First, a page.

●        The European Union and Japan on Friday concluded another week of negotiations aiming at concluding an ambitious free trade agreement, the EU said (WTD, 10/17/14).  The 7th round of negotiations brought together over 100 negotiators from the EU and Japan.

 The two countries made further efforts to advance the talks in almost all the areas under negotiation: tariffs, technical barriers to trade, access to public tenders, trade in services, rules on investment competition, sanitary and phytosanitary measures, regulatory cooperation, transparency and protection of intellectual property, including geographical indications. Rules of origin, as well as trade facilitation and customs will be discussed during the period between the formal negotiating sessions.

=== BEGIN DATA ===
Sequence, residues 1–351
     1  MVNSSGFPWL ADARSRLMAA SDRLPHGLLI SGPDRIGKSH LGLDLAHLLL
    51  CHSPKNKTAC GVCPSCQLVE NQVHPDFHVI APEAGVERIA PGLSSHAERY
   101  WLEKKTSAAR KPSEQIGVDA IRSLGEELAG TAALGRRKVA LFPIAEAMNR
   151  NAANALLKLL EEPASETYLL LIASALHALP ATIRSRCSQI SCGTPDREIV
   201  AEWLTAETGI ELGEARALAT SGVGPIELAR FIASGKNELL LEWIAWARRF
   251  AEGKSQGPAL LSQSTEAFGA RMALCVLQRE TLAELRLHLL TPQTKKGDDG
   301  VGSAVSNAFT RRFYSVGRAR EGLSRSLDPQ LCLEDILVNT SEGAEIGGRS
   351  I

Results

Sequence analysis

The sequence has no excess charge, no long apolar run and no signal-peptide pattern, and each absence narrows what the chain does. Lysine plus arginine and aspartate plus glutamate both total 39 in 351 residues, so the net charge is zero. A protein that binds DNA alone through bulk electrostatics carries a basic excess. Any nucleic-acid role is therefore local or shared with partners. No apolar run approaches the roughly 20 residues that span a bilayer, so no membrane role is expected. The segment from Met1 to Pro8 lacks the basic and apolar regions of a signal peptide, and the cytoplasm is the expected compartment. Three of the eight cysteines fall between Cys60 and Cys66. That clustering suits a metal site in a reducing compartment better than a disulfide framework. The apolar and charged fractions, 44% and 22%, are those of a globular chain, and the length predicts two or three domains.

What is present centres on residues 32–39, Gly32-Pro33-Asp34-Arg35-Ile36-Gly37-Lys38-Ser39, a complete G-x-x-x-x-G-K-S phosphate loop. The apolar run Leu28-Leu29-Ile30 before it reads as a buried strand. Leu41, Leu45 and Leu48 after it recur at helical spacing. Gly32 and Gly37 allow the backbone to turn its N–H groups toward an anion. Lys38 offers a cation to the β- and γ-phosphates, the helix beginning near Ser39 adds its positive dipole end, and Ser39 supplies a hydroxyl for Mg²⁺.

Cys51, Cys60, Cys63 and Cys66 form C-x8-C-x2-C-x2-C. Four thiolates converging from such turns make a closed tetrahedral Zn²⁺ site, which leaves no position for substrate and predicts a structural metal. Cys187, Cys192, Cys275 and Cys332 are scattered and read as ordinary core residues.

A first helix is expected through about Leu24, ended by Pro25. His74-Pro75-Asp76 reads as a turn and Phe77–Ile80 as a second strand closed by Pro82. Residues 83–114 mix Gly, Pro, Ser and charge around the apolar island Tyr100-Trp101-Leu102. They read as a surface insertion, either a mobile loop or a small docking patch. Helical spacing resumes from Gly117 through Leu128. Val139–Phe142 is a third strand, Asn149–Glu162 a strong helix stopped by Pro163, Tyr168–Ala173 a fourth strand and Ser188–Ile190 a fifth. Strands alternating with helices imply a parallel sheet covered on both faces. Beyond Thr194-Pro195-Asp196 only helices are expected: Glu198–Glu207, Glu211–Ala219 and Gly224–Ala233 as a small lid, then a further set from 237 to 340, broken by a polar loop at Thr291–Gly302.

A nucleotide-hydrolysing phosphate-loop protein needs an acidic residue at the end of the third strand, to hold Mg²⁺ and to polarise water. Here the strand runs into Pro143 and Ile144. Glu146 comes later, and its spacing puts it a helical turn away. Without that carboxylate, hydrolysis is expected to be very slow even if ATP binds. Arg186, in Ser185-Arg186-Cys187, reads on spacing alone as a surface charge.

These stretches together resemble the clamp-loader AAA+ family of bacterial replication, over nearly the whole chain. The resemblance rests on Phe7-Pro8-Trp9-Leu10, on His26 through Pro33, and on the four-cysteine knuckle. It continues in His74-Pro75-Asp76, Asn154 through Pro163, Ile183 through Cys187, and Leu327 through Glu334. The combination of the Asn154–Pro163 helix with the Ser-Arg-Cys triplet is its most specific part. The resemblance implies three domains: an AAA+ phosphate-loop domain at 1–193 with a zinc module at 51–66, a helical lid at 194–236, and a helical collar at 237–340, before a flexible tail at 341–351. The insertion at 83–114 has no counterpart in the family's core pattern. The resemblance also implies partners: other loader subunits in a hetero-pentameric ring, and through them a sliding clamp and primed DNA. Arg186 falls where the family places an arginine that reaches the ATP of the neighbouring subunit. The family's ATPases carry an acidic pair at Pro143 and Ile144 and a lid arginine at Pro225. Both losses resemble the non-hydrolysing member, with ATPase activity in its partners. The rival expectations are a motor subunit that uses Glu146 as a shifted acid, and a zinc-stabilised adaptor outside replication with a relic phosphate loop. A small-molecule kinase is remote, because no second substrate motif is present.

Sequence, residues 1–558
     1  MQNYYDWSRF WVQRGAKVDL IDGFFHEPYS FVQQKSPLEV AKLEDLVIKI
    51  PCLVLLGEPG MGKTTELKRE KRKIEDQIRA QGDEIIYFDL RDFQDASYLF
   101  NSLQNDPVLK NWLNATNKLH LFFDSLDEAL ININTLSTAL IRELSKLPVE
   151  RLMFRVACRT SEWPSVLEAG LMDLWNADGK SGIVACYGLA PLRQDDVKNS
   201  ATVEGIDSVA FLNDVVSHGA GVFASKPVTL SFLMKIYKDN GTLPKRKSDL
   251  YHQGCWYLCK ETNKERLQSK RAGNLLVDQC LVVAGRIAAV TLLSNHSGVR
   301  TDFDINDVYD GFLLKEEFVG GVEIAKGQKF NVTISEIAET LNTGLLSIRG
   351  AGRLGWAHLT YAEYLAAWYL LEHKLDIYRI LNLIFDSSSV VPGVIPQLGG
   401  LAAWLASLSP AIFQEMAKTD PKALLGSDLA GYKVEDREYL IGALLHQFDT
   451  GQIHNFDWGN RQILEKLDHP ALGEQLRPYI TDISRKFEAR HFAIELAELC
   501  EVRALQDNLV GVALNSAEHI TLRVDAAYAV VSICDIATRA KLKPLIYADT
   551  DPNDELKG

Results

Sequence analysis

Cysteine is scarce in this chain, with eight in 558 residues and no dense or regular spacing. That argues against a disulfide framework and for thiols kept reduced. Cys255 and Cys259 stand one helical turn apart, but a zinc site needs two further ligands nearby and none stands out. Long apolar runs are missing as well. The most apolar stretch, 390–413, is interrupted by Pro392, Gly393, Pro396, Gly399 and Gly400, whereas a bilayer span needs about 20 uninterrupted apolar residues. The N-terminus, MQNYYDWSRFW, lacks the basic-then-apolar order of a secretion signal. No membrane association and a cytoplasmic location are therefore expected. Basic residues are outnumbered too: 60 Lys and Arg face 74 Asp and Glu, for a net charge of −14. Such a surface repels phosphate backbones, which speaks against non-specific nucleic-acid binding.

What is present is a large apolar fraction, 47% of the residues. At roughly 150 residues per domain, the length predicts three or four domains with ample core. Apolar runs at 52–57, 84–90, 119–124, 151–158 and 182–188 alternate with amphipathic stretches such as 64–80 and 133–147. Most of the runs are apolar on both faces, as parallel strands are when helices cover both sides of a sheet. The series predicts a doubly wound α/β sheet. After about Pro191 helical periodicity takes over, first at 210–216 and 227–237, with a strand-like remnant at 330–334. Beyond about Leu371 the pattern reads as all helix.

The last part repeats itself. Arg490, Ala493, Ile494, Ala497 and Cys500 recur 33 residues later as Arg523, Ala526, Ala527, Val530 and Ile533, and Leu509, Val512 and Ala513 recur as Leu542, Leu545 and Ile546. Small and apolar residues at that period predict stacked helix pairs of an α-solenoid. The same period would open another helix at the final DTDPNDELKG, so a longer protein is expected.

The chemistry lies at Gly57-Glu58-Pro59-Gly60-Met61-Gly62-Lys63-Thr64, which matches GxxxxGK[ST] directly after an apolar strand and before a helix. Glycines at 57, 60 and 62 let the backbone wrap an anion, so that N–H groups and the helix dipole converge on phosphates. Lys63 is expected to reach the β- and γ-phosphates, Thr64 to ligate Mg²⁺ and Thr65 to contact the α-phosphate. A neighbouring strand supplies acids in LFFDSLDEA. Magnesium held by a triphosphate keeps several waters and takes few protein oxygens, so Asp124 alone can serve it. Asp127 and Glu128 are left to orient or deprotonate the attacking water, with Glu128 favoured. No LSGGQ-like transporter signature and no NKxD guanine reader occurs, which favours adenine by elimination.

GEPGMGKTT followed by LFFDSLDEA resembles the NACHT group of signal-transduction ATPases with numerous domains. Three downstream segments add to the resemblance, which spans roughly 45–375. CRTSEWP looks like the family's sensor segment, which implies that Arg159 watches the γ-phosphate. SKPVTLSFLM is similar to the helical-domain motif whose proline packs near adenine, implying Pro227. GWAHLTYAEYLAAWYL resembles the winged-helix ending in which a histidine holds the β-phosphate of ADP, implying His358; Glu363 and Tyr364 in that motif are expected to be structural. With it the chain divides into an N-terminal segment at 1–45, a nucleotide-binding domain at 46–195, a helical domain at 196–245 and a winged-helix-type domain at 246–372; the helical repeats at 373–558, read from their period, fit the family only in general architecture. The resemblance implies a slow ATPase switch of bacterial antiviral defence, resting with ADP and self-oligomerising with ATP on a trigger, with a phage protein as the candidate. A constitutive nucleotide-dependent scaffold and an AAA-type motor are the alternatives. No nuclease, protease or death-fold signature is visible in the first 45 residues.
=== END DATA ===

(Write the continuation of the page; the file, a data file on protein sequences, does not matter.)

The next round is scheduled for second week of December in Tokyo.




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Asia-Pacific


TPP.  Welcoming remarks by US Trade Representative Froman at the TransPacific Partnership ministerial meeting.  (available at:   http://www.ustr.gov )  issued:   10/25/14.


TPP.  Public Citizen statement on the TransPacific Partnership.  (available at:  http://www.citizen.org )  issued:  10/24/14.


TPP.  Letter from Sens. Wyden, Hatch, Rockefeller and Thune to US Trade Representative Froman on data flows in the TransPacific Partnership negotiations.  (available at:  http://www.finance.senate.gov/newsroom/chairman/release/?id=5664b1be-9ad4-4c5d-b91c-abcc716f153f )  issued:  10/24/14.



China